Attititudes and attributions

A Language Log posting by Geoff Pullum  that started with the pronunciation of the composer Sibelius’s name in Finnish has diverged in many directions, one of them having to do with word-initial [h] in varieties of English. The presence or absence of this [h] is noticeable to most speakers, since the difference is phonemic, potentially distinguishing otherwise identical words (ham vs. am, heart vs. art, hail vs. ail, etc.). You are especially likely to notice an [h] where you don’t have one yourself or the absence of [h] where you have one yourself. Here’s the commenter Noetica on the subject:

In Australia we notice the American way with ‘erbs, and it sounds strange and pretentious to us.

This comment, clearly from someone who has an initial [h] in herb, both expresses an attitude about the (common American) [h]-less variant (“it sounds strange”) and attributes a motive to those who use it (it sounds “pretentious”). The attribution of pretentiousness was a surprise to me; it’s a reversal of the usual judgements about [h]-less herb from people who have an [h] in this word.Some historical background. English borrowed a number of words from French that were spelled with an initial H but had no [h] in their pronunciation (since French lacked [h], and still does). In some such words, an [h] was introduced into the pronunciation from the spelling; hotel picked up an [h], honor did not. For a few words, the presence or absence of [h] varies from dialect to dialect. Herb (also herbal) is one such word; in general, British English has an [h] in this word, American English does not. (The OED gives only the pronunciation with [h], while American dictionaries usually give both pronunciations, and sometimes note the British/American split.)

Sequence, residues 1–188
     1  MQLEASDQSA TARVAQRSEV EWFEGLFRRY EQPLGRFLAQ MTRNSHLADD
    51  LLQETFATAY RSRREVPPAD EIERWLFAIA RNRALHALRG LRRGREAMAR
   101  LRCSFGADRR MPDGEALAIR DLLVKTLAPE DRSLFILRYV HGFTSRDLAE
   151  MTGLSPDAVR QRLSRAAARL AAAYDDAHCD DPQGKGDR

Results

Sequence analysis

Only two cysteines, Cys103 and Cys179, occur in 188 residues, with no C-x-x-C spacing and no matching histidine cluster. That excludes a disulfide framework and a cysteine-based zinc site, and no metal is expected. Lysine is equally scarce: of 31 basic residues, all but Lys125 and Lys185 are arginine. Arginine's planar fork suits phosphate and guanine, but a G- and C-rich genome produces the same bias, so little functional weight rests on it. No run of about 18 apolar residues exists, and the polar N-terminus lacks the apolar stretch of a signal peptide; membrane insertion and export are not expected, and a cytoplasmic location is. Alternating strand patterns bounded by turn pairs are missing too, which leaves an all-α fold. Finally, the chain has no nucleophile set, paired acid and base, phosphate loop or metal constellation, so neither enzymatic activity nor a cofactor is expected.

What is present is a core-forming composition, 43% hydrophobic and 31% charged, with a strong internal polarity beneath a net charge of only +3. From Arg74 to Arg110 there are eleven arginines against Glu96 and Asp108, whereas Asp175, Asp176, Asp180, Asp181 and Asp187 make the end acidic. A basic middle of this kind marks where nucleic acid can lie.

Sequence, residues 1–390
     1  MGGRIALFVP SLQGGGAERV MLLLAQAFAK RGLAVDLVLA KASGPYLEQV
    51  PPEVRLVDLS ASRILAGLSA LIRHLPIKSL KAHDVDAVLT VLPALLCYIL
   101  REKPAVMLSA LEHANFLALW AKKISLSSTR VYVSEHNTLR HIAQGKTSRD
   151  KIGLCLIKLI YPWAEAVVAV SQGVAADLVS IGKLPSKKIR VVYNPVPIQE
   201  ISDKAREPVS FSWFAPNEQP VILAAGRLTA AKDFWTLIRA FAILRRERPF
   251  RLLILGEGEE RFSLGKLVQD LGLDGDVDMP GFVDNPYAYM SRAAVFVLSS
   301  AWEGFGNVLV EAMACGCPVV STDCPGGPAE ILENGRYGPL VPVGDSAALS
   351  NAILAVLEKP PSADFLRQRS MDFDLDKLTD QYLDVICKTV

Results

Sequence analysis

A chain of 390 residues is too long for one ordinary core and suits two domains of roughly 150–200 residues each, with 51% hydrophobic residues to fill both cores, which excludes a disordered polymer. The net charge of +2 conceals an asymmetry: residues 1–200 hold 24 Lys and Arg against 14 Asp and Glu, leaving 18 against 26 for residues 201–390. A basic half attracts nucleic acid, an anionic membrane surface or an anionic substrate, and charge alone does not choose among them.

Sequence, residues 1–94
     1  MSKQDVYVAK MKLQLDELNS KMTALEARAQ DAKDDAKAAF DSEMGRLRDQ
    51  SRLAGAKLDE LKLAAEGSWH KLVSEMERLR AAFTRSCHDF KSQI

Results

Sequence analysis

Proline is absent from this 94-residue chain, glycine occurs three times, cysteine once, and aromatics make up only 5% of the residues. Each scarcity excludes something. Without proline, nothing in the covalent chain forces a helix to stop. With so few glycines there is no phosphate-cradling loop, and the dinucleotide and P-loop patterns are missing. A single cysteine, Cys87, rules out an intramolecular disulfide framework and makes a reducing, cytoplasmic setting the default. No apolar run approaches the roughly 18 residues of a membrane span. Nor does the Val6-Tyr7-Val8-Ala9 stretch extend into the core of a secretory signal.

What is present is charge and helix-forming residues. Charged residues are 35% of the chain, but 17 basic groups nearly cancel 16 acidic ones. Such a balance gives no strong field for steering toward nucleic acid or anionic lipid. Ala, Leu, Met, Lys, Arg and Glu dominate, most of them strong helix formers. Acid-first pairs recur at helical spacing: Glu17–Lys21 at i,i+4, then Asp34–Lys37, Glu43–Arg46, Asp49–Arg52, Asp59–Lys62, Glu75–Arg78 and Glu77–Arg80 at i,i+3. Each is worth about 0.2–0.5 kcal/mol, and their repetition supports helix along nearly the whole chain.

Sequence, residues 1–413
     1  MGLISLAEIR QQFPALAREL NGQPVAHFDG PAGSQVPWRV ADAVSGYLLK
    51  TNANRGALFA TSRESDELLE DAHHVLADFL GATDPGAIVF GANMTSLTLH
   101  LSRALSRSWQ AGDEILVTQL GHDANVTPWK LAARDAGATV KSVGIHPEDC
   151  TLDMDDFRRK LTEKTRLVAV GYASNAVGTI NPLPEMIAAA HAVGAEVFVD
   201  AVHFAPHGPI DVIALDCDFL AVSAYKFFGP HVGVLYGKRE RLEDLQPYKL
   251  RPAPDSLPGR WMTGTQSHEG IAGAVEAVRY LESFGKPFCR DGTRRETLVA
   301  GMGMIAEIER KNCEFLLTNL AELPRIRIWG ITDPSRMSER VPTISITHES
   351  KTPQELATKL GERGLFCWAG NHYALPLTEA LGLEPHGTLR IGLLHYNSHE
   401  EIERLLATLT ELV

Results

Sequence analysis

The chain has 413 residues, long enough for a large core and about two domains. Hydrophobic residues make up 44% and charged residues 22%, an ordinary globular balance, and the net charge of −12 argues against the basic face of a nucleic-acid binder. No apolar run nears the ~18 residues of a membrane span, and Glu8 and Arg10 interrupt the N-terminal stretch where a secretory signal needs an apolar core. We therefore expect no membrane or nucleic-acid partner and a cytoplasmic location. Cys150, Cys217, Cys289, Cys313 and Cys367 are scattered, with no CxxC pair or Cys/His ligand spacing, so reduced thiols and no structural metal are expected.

Complicating the picture is the fact that some non-standard varieties of British English have lost initial [h] (variably or generally), even in words like happy and hot that had them throughout the history of English. This is a well-known feature of Cockney English (hence Eliza Doolittle getting drilled by Henry Higgins on “In Hertford, Hereford and Hamsphire, hurricanes hardly happen”).

The sociolinguistic result is that speakers of standard British English are inclined to judge absence of [h] in words that they have an [h] in as “low-class” and to attribute this absence of [h] to “laziness”. I’ve had British colleagues express astonishment that I, a distinguished professor of linguistics, would “drop the h” in herb; it’s so, well, vulgar.

Now, suppose you’re unfamiliar with this social picture, but notice that someone else’s variant is different from yours and judge that variant to be “strange” or even “wrong”. You could leave it at that, but most people cast about for some explanation of why others say “wrong” things. The inventory of such explanations, beyond inadvertent error, is not very large: ignorance (they weren’t taught properly, they didn’t listen, they neglected to look it up), laziness, and pretentiousness (they’re trying to sound better than they really are, they’re trying to impress people) are at the top of this list. It’s surprising how often people fix on this last account, usually in the absence of any evidence in its favor.